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General HD (720 / 1080) Acquisition
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Old April 29th, 2005, 08:56 AM   #61
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Hallo Graeme,

to make it clear: I definetly prefer progressive over interlaced, that is out of question. But I see for the MOMENT a better perspective for 1080i as an IINTERMEDIATE step to 1080p.
When I compare DVB – S oder DVB T with DVDs I definetly see large differences in picture quality. If You only count pixels the should be none. Broadcasters tend to sacrifice datarate (quality) for more Channels (The call it „content“). I have seen DVB – T broadcasts that have had VCD –Quality. Even most DVDs You can buy are sloppy encoded if You stretch SD to its limits. And that is the main reason I argue for a bigger format: Providers (TV Stations and Disc Providers) tend to be sloppy, because sloppy usually means cheap. If You have a system that is actually too big for most uses, at least You don’t suffer too much as a consumer under this sloppiness. If You watch a very good DVD and compare it with the usual TV - broadcast (analog or digital) you will see a big difference. I think it will be the same with HDTV. Most of the people in this forum work with good equipment and try to produce good quality. But the question is, what will be delivered to the consumer. As an engineer I know that it is easier to archive „good“ results in „rich“ environments. To do the same thing within a smaller frame needs much more skill. For this reason in consumer reality the difference between progressive and interlaced, 720p or 1080i is more academic than of real meaning. Ouf course there will be oustanding products but the average will be 50 % under the possible limit....
That may sound silly, but we need the bigger format to compensate for the sloppiness of the providers. Therefore I would prefer to wait until 1080p is feasible or accept 1080i as an intermediate format that makes migration to 1080p easier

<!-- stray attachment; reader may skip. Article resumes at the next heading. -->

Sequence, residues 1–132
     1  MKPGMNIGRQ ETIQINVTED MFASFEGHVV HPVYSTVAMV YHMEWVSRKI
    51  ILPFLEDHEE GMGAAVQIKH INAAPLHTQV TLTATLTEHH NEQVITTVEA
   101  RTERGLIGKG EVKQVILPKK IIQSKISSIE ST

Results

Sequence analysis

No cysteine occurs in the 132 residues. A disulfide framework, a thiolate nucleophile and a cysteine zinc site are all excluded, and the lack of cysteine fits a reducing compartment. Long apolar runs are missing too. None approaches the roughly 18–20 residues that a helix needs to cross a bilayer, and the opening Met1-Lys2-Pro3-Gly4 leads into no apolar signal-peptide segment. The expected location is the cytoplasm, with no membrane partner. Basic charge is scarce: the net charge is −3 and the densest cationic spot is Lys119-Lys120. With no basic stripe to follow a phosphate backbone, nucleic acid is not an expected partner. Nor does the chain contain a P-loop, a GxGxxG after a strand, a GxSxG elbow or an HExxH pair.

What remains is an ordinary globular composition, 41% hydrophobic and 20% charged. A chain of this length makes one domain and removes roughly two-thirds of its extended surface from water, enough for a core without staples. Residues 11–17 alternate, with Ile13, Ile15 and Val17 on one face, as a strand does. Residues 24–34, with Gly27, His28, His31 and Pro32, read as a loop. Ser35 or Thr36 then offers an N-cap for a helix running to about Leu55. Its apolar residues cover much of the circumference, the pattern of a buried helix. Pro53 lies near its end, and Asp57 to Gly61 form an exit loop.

Richard
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Old April 29th, 2005, 09:41 AM   #62
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But 720p, being more compact (and 1080i having no more real vertical detail) does compress easier than 1080i, and hence will provide a better picture in the home for the same data rate.

Indeed, a bigger format will mean more compression and less quality to the viewers at home. And 1080i takes more data than 720p but does not offer any real, meaningful quality improvement due to interlace being a very sloppy form of compression.

Personally, I'd argue that using MPEG2, you'd get a better image, overall giving 10mbps to and SD broadcast (anamorphic widescreen, of course) over twice that datarate (ie 20mbps) to a 1080 HD broadcast, and 90% of people would benefit from the improved SD picture (ie, those who don't have an HDTV). As you say, many SD digital broadcasts are VCD quality, and quite frankly, that's not acceptable, but by the same argument, an over compressed HD image would be better replaced for the vast majority of viewers by improved SD broadcasts at full DVD maximum quality.

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Old April 29th, 2005, 07:03 PM   #63
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Quote:
Originally Posted by Graeme Nattress
But.... 24p is part of the HDTV specifications, is it not, so that a broadcaster could send out 24p as whole frames now and not have to add pulldown frames??
720/24p and 1080/24p are both accepted broadcast standards as defined by the ATSC.
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Old April 29th, 2005, 08:14 PM   #64
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Quote:
Originally Posted by Graeme Nattress

Personally, I'd argue that using MPEG2, you'd get a better image, overall giving 10mbps to and SD broadcast (anamorphic widescreen, of course) over twice that datarate (ie 20mbps) to a 1080 HD broadcast, and 90% of people would benefit from the improved SD picture (ie, those who don't have an HDTV). As you say, many SD digital broadcasts are VCD quality, and quite frankly, that's not acceptable, but by the same argument, an over compressed HD image would be better replaced for the vast majority of viewers by improved SD broadcasts at full DVD maximum quality.